It’s so hot in the U.S. that all the weather maps are red; TV meteorologists are beside themselves, reporting on thousands of heat records being shattered every day; and everyone is arguing (again) about whether this proves climate change is real.
Anyone remember the entire country being above 100F at once?
Except one place — the Pacific coast.
Check those weather maps for that long, slender patch of blue; this is the only place to really chill.
San Francisco was 66˚ this week, while the rest of the country broiled.
California has its hot spots, but there are places along its coast that are cool when everywhere else is warm.
One of our favorites is Elkhorn Slough, a place of magic in any month.
We’ve traveled, and lived on the West Coast a long time, and we have never seen so much marine wildlife in one spot. Or seabirds.
You can get so close to pelicans in the slough — with a telephoto lens — that you can see the veins in their pouches while they’re snacking.
This is why National Geographic photographers can’t stay away from the place; it’s why photographers and scientists come here from all over the world, from Europe and the Middle East, to Asia.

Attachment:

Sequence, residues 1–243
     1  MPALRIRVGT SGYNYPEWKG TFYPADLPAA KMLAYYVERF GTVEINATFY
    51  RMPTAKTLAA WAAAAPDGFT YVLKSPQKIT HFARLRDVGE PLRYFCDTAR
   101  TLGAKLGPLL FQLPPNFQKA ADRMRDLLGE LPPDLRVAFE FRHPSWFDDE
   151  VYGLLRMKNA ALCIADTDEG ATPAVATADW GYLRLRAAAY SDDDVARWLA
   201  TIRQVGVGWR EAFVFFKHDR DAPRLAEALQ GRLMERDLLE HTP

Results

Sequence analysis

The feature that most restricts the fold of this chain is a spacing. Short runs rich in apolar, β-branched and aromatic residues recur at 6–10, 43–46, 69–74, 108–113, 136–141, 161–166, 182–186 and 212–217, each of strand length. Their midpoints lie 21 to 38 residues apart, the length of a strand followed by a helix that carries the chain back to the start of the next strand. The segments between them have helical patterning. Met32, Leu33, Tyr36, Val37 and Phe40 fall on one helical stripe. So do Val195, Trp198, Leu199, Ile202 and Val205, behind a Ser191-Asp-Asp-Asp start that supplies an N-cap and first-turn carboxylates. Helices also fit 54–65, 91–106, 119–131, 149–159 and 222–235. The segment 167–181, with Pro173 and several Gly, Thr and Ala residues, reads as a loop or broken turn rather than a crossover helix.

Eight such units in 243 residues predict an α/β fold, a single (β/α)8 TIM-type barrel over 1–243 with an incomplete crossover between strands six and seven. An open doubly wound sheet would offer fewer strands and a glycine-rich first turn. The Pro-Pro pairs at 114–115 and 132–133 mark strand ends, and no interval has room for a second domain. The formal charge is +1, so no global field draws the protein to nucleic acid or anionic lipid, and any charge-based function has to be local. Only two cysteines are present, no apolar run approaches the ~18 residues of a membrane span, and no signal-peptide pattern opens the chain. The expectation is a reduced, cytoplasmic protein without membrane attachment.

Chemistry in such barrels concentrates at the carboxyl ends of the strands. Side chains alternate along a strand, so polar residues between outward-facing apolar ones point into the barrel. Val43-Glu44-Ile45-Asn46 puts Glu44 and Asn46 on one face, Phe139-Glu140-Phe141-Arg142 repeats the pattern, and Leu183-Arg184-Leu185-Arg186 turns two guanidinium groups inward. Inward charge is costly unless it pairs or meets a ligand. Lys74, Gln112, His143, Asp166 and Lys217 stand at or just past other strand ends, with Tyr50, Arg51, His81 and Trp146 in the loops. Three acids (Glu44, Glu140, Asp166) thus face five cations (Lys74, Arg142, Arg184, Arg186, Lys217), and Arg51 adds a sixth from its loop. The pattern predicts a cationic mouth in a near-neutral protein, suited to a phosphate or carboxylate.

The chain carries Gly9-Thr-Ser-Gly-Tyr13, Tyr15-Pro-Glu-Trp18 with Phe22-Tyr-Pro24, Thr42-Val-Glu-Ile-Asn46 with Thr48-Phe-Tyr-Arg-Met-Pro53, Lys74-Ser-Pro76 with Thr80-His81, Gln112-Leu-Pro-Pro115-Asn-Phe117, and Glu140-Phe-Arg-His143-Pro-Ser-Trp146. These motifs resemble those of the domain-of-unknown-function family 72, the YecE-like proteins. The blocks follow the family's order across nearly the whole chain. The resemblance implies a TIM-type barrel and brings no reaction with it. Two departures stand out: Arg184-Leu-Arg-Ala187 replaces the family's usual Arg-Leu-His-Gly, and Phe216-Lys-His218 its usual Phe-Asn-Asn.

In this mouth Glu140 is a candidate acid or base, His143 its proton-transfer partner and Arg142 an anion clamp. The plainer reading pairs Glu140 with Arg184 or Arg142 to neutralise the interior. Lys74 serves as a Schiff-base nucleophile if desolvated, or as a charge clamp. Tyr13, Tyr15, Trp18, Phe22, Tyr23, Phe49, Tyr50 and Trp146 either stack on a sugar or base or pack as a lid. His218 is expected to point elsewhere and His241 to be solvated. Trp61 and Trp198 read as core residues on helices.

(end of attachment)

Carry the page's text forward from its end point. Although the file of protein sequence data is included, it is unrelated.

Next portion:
You’ll see so many seabirds at Elkhorn Slough, that you’ll begin to log them — in writing or mentally — even if you’ve never wanted to be a birder.
We were introduced to elegant terns by Captain Yohn Gideon, a certified captain chartering the pontoon boat that enabled us to get these photos. There’s a reason he calls his business Elkhorn Slough Safari.
We saw so many California sea otters, seals, sea lions, herons and other birds we stopped logging them after awhile, and just settled back to enjoy.
Although it’s close to human traffic — scientific marine research station, surrounding artichoke farms, big power plant — Elkhorn Slough is so protected, marine mammals aren’t bothered by humans who keep their distance.
You can see hundreds of sea lions, for example, just by walking paths alongside nearby Moss Landing Harbor.
This allows for some sweet moments of mother-pup intimacy (also with telephoto), without bothering families at rest.
Because the slough is protected by federal and state law, California sea otters — almost wiped out along this coast — gather here by the hundreds. This is called “rafting.”
We watched them dive for lunch; crack open shells on their chest, and dine while lounging on their backs.
We figured this is nature’s way of showing us how to chill in the U.S. when the temps hit 100.
In praise of small places is a regular tripsfor2 series.